Associations have lots of policies and guidelines. Your employee handbook is full of such documents and should also include social media guidelines. The mere process of writing policies and guidelines serves is helpful in clarifying your intent and tell people what you expect them to do.
photo © 2008 Lauren Manning | more info (via: Wylio)One of the things that can be used to separate the haves from the have-nots in business regarding social media tools is how close an organization is to having a social media guideline addition to their corporate policy. If policy has been considered, you can fairly bet there’s a strategy behind the scenes, a plan to make sure things happen smoothly and profitably. If there’s not, then the social media plans might exist, but there’s more of a change of things being hodgepodge in nature, and more of a risk that things won’t turn out exactly pristine down the road.
First, look at your existing company policies, looking for things like internet use, website visits, ownership of online communication (emails, tweets, posts), and how to interact “on behalf of the company” when it comes to media and news outlets. For the most part, the specifics of those bulletpoints will cover your organization legally in the realms of social media online.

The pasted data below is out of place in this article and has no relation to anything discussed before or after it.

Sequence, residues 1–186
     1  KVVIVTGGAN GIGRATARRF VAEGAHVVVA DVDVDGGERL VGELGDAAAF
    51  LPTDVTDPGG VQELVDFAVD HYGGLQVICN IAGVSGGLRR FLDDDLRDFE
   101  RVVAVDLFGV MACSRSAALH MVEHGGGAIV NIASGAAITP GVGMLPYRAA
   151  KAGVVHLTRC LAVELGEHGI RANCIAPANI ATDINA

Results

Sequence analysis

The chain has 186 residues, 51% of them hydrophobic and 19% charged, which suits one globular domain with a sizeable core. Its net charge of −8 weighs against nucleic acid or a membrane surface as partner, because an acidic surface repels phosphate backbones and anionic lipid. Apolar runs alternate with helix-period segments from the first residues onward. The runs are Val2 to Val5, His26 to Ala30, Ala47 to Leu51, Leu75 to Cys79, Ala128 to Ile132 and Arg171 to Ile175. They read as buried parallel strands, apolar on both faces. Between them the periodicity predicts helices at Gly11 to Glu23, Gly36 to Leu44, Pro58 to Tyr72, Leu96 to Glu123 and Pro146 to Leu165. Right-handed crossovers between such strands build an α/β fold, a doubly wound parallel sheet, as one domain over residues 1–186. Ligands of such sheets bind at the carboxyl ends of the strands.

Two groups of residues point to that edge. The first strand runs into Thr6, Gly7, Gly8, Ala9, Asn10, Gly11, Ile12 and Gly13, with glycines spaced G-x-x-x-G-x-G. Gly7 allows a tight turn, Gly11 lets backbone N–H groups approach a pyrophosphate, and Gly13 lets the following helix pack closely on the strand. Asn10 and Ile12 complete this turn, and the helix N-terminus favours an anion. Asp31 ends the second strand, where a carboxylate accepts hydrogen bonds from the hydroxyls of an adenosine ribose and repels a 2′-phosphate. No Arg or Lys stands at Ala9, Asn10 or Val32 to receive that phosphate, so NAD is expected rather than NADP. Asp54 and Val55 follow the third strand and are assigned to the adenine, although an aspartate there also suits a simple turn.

However, the second thing needed will help steady the foundation much more. Find a way to codify those pieces into a new section of the employee handbook. Having a specified section of the book to consult makes it easier to you and your associates:
- to find and access the DOs and DON’Ts as outlined by management;
- to read up on goals, plans, and vision for interacting in social space online;
- to be a part of the community growing internally and the one being fostered externally;
- and to become brand champions for the company, knowing best practices in personal and professional interaction.
What would you expect to see in a social media policy for your company? What would you add? What would you hope it left out?
Further Reading: just saw this one come through my feed reader this afternoon, another great take on what’s needed corporately to make these tools/platforms profitable - Creating a Corporate Blogging Policy | MackCollier.com